The cathedral, built in 1915, is an interesting mixture of a classic style with distinct Arts and Crafts influences. A wrought iron chandelier would seem equally in place in it's present surroundings as it would in a prairie style structure. Molding is at one time simple and stripped down, in the early 20th century style, yet opulent. The most visually impressive feature, to my eye, are the leaded glass windows, again showing the influence of an Arts and Crafts sensibility. In the Shrines of the Nations folds in the cloth of the costumes worn by the biblical figures are delineated by a plethora of colors held within the confines of lead outlines. In some of the glass panels shades mix, changing from one hue to another within a single pane. Silver pieces with gild overlay, gifts to the church from wealthy parishioners, decorate the altar. Here again I think of what could have been done for people with the money spent on these lavish offerings. Downstairs in the visitors center a stunning 16th century carved wood lintel is displayed, rather oddly as my nephew noted, over the door leading to the elevator.

Leaving the cathedral my nephew directed us through streets lined with the grand turn of the century homes of St. Paul's gentry. The structures were beautiful, massive verging on intimidating. It was wonderful to see such a sizable intact area from that era. Too often in American cities we have been neglectful in preserving, protecting and respecting our architectural history.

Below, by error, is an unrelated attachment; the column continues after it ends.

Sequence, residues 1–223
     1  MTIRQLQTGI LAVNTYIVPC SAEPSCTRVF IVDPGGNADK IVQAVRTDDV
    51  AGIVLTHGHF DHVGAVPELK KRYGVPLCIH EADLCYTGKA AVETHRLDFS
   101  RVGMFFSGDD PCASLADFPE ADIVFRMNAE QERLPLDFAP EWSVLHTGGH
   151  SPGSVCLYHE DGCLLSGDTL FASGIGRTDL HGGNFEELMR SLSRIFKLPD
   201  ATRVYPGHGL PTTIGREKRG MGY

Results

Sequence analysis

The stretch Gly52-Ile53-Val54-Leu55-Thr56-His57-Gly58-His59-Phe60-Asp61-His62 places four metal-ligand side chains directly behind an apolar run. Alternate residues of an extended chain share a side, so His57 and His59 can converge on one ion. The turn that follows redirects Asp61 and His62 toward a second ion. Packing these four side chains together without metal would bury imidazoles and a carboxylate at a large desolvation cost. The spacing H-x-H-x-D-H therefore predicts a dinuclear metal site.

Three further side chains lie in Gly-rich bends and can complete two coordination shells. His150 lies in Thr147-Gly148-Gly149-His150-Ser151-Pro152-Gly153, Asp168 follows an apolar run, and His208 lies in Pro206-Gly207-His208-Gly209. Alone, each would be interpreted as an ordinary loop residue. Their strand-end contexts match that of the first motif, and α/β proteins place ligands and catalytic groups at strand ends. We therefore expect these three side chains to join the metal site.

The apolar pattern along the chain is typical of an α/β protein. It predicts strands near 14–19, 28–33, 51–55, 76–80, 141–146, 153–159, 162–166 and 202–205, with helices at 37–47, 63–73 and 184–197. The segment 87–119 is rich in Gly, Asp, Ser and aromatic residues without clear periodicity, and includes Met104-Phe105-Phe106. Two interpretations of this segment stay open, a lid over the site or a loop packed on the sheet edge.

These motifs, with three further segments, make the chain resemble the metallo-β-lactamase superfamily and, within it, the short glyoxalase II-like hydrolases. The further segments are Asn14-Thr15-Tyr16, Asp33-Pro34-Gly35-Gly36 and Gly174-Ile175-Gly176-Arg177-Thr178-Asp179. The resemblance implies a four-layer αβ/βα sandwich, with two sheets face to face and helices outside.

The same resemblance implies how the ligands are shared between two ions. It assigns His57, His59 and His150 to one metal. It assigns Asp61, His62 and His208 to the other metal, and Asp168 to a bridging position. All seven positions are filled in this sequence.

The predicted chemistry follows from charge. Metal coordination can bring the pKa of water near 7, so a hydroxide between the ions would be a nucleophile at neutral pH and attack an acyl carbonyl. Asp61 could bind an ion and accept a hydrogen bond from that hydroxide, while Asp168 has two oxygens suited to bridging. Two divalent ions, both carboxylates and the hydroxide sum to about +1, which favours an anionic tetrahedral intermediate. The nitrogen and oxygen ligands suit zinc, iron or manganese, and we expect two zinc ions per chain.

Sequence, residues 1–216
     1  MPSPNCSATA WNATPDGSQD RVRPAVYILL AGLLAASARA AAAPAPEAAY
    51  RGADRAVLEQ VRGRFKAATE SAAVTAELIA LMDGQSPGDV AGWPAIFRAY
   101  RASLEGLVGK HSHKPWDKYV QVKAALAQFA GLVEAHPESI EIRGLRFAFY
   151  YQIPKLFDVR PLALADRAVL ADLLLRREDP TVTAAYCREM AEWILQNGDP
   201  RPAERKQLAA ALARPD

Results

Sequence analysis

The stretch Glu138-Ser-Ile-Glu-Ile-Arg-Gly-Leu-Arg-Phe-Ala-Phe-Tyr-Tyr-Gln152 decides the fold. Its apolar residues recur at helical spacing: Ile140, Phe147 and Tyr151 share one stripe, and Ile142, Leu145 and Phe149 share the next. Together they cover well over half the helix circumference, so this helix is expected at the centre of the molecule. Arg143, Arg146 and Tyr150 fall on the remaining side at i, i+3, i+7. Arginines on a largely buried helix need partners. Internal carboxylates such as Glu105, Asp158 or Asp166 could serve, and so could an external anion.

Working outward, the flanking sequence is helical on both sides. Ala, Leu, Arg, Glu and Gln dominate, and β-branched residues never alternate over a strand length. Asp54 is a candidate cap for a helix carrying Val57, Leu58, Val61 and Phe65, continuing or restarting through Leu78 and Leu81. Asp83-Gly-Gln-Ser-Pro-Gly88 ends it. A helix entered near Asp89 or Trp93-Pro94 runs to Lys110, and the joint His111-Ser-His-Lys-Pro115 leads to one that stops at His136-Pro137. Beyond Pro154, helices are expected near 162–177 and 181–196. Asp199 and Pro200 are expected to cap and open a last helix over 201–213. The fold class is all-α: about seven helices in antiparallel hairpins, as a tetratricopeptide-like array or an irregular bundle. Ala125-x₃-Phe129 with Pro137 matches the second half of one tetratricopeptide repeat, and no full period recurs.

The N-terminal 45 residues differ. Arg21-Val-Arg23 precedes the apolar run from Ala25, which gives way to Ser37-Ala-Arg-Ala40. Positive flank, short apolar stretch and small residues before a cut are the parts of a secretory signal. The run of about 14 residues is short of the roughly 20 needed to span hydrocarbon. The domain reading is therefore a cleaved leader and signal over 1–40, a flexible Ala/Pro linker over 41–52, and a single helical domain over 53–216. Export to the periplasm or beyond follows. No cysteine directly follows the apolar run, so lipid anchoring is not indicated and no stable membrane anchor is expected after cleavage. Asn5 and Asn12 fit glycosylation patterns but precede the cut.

We placate the grandniece with a trip to an ice creme shop which I am told is well known in the area. As I do last minute packing the next morning she begins to reclaim her room. Sitting on the top bunk, swinging her legs, she tells me about a dream she had the night before. "I dreamed that you didn't have to leave, that you lived in the house next door." She elicits a promise from me to take care of the heart necklace she had gifted to me on my first day with her. "It will remind you of me", she states. I, in turn, promise to send her a photo of it, hanging with my other necklaces, when I get home. I cherish her sweet, tight hug as she, my sister in law and niece drop me off at the airport. 

Minnesota 2015 - Minnehaha Falls